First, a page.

Noel Whittaker answers your money questions

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Finances in retirement can be confusing so we’ve turned to finance expert Noel Whittaker to answer your questions. This week he deals with inheritance and gifting rules.

Spending an inheritance

Q. Jennie

I am due to come into a considerably large inheritance, approximately $300,000. While this is indeed welcome, I’m worried about the effect it will have on my Age Pension once the asset thresholds change in January. I’m considering buying a more expensive house so that it doesn’t count as an asset – but is this the best thing to do?

Answer. The costs of selling and buying a new home will be more than $50,000 – this would be far more than any money you could gain by getting an increased pension. You could reduce your assets by gifting $10,000, and by placing $12,500 in a funeral bond, but just keep in mind that every hundred thousand dollars you dispose of increases your pension by just $150 a week. Therefore it takes 13 years to get back the money you spend or give away. I suggest you just live normally, and enjoy the fact that as your assets reduce due to normal spending your Age Pension should increase.

When do gifting rules start?

Q. Mary

I understand that Centrelink has certain rules around gifting but I was wondering, if I give away some of my savings to my family before I apply for the Age Pension, would Centrelink regard this as a deprived asset? I would like to reduce my assets as the new thresholds that apply from 1 January 2017 mean I will receive less Age Pension.

Answer. Any money given away in excess of the limits ($10,000 a year with a maximum of $30,000 over five years) is treated as a deprived asset and will be subject to deeming for the next five years. This includes any money gifted in the five-years prior to your Age Pension claim.

Do you have a question you’d like Noel to tackle? Email us at [email protected]

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Written by Noel Whittaker


Total Comments: 19
  1. 0

    Sorry but I am a bit dumb here. I can’t work out whether you mean that Jennie should buy a more expensive property or not? I ask this because at the moment I receive the full pension but would like to move into a better property but not lose my full pension? Can anyone help me with this please?

    • 0

      The best way to work it out Stormy is to go see a Centrelink officer.

      Then see a trustworthy solicitor and accountant/independent financial advisor that charge by the hour.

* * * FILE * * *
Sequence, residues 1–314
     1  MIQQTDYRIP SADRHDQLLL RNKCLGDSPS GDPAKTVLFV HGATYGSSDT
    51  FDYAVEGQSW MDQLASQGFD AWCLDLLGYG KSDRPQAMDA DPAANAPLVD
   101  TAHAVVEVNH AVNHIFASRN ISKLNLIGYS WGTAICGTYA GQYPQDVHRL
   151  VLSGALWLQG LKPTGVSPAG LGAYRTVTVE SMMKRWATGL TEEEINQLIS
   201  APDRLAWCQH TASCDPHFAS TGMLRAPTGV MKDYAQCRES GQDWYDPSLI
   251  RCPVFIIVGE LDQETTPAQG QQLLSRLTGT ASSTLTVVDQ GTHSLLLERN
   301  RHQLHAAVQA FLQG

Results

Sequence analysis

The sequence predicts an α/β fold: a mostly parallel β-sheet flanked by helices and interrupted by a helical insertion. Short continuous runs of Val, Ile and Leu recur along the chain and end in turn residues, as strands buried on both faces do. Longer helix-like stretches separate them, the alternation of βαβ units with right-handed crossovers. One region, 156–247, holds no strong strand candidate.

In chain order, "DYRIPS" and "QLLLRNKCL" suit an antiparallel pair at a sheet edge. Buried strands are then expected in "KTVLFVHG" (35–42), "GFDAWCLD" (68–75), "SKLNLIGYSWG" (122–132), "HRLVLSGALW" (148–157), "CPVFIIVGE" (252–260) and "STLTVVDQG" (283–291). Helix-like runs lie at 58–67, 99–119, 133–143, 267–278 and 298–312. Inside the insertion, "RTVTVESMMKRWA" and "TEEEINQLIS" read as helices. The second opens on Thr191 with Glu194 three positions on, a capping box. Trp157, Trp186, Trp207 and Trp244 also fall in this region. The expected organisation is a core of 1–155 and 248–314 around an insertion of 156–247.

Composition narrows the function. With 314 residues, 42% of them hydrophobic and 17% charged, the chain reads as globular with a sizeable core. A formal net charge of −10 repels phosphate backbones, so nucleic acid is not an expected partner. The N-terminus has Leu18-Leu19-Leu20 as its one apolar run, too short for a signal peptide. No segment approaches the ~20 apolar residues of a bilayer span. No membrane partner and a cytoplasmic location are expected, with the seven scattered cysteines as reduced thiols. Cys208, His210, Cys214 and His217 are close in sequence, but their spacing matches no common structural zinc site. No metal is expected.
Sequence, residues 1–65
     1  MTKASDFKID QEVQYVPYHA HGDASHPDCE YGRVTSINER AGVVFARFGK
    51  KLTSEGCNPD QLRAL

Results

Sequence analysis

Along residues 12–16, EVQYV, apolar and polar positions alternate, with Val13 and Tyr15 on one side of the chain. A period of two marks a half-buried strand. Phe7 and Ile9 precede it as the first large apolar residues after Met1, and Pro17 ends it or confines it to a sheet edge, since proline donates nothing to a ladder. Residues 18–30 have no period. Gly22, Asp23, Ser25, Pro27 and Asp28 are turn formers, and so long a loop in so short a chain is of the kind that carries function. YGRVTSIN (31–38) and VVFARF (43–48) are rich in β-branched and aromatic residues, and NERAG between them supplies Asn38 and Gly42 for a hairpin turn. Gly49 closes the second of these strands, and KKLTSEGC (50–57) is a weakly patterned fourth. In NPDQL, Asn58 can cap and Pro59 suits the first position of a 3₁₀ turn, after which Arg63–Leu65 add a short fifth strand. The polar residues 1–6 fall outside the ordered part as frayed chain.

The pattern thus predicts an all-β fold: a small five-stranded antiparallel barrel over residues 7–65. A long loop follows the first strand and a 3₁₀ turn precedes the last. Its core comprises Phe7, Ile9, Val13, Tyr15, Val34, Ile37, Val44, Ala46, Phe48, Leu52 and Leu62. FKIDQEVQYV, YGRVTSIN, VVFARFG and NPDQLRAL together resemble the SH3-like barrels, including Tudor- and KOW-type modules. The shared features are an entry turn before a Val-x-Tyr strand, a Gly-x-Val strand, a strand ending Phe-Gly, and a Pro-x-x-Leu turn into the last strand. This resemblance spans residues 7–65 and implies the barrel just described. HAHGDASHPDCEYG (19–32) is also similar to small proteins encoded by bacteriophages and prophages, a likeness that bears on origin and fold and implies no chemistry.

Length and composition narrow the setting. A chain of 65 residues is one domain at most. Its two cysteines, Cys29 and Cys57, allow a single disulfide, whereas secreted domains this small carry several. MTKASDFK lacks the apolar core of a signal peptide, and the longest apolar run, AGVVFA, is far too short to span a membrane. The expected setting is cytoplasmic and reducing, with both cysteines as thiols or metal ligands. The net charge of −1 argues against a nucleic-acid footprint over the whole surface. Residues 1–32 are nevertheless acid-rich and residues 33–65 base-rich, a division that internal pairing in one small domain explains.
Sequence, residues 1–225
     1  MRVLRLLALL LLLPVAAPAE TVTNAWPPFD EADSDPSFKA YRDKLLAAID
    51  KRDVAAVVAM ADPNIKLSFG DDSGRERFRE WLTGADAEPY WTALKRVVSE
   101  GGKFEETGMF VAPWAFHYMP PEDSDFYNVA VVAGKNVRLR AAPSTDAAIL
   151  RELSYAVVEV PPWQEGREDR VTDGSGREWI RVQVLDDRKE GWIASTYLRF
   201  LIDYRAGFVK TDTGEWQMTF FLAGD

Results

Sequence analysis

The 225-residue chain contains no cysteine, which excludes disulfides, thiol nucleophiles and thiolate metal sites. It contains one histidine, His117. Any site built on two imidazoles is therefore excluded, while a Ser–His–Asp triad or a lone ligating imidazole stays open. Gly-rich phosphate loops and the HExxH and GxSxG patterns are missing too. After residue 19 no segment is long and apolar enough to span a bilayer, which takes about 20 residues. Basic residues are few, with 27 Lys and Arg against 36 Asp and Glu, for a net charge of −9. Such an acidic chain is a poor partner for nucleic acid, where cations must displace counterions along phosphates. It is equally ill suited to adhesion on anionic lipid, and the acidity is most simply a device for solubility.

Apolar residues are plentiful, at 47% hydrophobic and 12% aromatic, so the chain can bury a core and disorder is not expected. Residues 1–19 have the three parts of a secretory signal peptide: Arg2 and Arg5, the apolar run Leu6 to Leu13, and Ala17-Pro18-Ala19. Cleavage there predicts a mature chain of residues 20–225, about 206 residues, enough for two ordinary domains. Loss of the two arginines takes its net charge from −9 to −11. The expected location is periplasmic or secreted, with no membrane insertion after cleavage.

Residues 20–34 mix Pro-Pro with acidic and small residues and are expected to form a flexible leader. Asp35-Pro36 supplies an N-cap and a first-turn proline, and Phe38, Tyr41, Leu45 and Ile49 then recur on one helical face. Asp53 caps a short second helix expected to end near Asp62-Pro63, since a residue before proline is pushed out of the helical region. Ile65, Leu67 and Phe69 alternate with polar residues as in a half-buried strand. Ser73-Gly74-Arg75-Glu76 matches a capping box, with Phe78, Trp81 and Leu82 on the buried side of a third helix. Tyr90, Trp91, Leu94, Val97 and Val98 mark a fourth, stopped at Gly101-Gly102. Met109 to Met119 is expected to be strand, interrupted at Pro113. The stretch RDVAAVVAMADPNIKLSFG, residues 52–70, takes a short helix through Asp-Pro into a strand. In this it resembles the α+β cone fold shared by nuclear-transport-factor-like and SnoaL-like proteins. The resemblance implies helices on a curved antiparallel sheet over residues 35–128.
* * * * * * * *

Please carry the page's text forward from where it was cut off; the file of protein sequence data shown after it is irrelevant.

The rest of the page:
It is worth paying for advice. You don’t want problems when on a pension.

      Everyone has a different situation.

      If you want and can afford a better property then ask, get the information and then you can be confident.

  2. 0

    Am completely confused with Neil’s answer!!!! . Stormy you are not dumb – I would like an answer too!!!!

  3. 0

    As the family home is not counted as an asset., surely this is a good strategy????? . Can anyone give some useful advice

  4. 0

    He has answered another question!
    Not the one posted here.
    Come on YLC

  5. 0

    Thanks guys. I don’t feel quite so dumb now.

  6. 0

    Selling the house you will pay for advertising, estate agents commision, and conveyancing.
    Buying another house will cost you conveyancing, stamp duty and then removal expenses.
    Add it up, not cheap, as Neil says cost around $50,000-00. Not to mention the cost of a new phone line, internet, gas, electric and mail redirection. Better have some good holidays.

  7. 0


    • 0

      Stormy and others

      The information in the article is not sufficient to answer that Question

    • 0

      The point Noel is making is that the transaction costs are higher than the benefits from rearranging affairs to maximise pension entitlements.

    • 0

      If she sells her existing home and upgrades then the new home is not counted in the asset test by Centrelink as your home is exempt. Yes, the buying and selling costs are high, but with an extra $200k to $250k she may be able to upgrade to something more suitable. It’s a personal choice and some might prefer it to just spending the money.

  8. 0

    First comment, from Jan 1 2017, pension will decrease by $300 per fn not $150. I believe it is a good strategy to upsize ( buy a more expensive home) which will increase your pension and your asset test exempt equity amount, if you run out of disposable income in future years then you can downsize, win win situation. Important not to stress too much over this, spend the cash and enjoy your last few years.

  9. 0

    I’m a little late in getting back to this but thank you to Sundays and Cruiser for actually getting to the point. I hope it satisfies Jennie as well as me.

  10. 0

    G’day everybody;

    My 85 yr old mother will be moving into “managed care” hopefully before the end of 2016 at best, & early 2017 at worst. Her “assets” have been tallied up & being over the so-called “magical figure of . . . . $800K” She subsequently has lost her (part-pension) entirely. Her assets do include her retirement village home which my late dad & her purchased in 2008.
    It will be sold back to the owners of the retirement village & what she receives in monetary terms, will be assessed as liquidable.

    So the point that a retiree’s home, supposedly isn’t considered by the relevant authorities as an assessable part one’s assets is a very big Furphy they don’t want you to know about.

    Can I wish everyone “Cheers” regarding the above?

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